Georgia Governor Brian Kemp speaks during the Atlanta Journal-Constitution’s Politically Georgia podcast at the University of Georgia Chapel in Athens, Georgia, on Thursday, April 19, 2024. (Photo/Laney Martin: @LaneyMartinPhotography)

Murphy contextualized immigration policy in the state with the death of 22-year-old Laken Riley on the UGA campus in February. Jose Antonio Ibarra, an undocumented immigrant, was arrested and charged with murder. This tragedy resulted in the state legislature passing legislation that “cracks down on” illegal immigration, as Murphy put it.

“How do you balance these types of bills with the fact that you are also governor of a state that has a very rapidly growing immigrant population — a large Latino population — and that some of the messaging from the Legislature felt very problematic to some immigrants?” Murphy asked.

In response, Kemp noted the importance of new people coming into the state and how it has benefited him politically.

“We’re an international state, we’re an international city, we’ve seen all kinds of demographics grow in our state,” Kemp said. “Politically it worked out for me. I feel like a lot of us can earn those people’s votes and their trust is really how we talk about these different issues.”

Kemp’s potential place in federal office and his legacy as governor

Kemp’s second term as governor ends in 2026. This raises questions about whether this will be the end of his political career.

“You’re speaking as a potential candidate for federal office,” Mitchell said. “Are you considering running for Senate?”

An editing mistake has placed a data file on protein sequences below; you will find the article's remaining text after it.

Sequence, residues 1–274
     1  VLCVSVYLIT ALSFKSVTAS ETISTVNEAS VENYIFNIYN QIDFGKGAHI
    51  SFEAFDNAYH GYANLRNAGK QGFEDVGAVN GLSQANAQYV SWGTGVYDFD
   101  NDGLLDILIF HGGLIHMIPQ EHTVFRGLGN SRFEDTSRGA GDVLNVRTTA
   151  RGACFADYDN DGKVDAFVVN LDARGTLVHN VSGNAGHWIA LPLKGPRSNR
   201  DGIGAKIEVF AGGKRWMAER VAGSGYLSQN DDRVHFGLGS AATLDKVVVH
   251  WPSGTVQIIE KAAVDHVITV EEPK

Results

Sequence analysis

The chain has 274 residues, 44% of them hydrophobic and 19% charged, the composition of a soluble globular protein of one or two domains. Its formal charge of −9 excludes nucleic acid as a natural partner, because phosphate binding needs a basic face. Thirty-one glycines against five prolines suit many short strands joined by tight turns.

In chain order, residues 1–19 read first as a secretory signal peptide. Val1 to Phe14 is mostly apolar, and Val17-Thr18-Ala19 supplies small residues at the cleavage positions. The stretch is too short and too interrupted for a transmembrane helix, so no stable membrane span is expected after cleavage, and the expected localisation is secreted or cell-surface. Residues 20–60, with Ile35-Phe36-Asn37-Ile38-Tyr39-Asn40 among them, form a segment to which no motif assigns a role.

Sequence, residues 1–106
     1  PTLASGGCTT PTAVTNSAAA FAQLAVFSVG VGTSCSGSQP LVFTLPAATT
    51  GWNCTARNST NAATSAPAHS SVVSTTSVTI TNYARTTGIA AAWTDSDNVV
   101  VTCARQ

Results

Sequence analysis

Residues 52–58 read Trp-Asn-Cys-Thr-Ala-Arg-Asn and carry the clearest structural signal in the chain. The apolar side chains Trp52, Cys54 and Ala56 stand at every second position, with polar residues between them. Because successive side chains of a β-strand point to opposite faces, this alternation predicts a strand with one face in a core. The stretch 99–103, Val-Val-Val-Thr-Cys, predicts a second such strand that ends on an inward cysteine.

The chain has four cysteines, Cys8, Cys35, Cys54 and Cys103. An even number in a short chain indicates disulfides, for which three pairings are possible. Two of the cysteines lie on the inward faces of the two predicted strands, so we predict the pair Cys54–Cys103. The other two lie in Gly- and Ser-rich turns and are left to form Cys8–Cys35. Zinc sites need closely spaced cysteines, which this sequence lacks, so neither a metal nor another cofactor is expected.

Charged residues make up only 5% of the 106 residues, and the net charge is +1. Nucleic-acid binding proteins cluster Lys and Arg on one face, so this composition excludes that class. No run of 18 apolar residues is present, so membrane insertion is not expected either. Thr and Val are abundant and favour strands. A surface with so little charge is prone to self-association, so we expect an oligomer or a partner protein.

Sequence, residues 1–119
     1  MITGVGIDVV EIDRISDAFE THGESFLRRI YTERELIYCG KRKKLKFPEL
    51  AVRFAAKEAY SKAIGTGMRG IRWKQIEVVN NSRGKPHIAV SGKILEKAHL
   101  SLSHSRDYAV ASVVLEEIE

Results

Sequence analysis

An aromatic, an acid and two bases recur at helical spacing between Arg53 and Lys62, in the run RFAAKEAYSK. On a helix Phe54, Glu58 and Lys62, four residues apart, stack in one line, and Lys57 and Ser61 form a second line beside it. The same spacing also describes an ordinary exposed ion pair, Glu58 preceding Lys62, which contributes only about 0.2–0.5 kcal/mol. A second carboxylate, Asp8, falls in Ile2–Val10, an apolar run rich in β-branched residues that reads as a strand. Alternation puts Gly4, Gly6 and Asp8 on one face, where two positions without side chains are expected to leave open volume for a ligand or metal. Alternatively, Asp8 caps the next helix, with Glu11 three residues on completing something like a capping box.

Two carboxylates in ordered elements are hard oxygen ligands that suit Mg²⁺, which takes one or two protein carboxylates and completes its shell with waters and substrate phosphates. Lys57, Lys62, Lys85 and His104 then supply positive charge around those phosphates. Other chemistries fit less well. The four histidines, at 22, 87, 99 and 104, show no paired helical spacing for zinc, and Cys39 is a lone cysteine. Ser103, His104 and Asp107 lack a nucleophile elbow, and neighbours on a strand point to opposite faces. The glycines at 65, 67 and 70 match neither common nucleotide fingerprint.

Kemp neither confirmed nor denied whether he would consider running for federal office. He is currently focused on supporting the 2024 presidential ticket and maintaining the Republican majority in the Washington legislature. After November, he might reconsider the question, he said.

Hosts ended their time with Kemp by acknowledging that he has two more years in office and asked Kemp what he thinks his “legacy” will be after his time as governor.


Event attendees sit during the Atlanta Journal-Constitution’s Politically Georgia podcast at the University of Georgia Chapel in Athens, Georgia on Thursday, April 19, 2024. (Photo/Laney Martin: @LaneyMartinPhotography)

The question seemed to catch him off guard because he hadn’t thought about it that long. Instead, he focused on governing rather than thinking about his legacy.

“I can’t really tell you what I want my legacy to be,” Kemp said. “I would probably just want people to think that whether people disagree with me or agree with me or like me or not, that at the end of my term they can at least say, ‘the man did what he did’. promised he would do it,” Kemp said.

To block

The hosts spent the second half of the show talking politics, analyzing their interview with Kemp and answering questions from the audience.

The questions ranged from a wide range of audience members of all ages, some even traveling from other parts of the state to see the show live.

In response to a question from the audience about local and state politics, the presenters emphasized the importance of local and state government in the lives of Americans and of “thinking globally, voting locally.” They argued that much of the important governance that affects individual lives ends up at the local level.

The final question asked to hosts was, “If you could change anything in the world, one thing, what would it be?”

Nigut’s answer was about the future of news and how he and his team at the AJC and Politically Georgia are working toward that future.

“I think the way news will be delivered in the future… the fact that we are now one of the pioneers in this whole idea of ​​media distribution, multi-platform news, what it means to me is a better informed citizenry and that’s what I would like to see for the world: more opportunities to give news to people on the platforms they choose,” said Nigut.

Listen to the full episode here on the AJC’s Politically Georgia.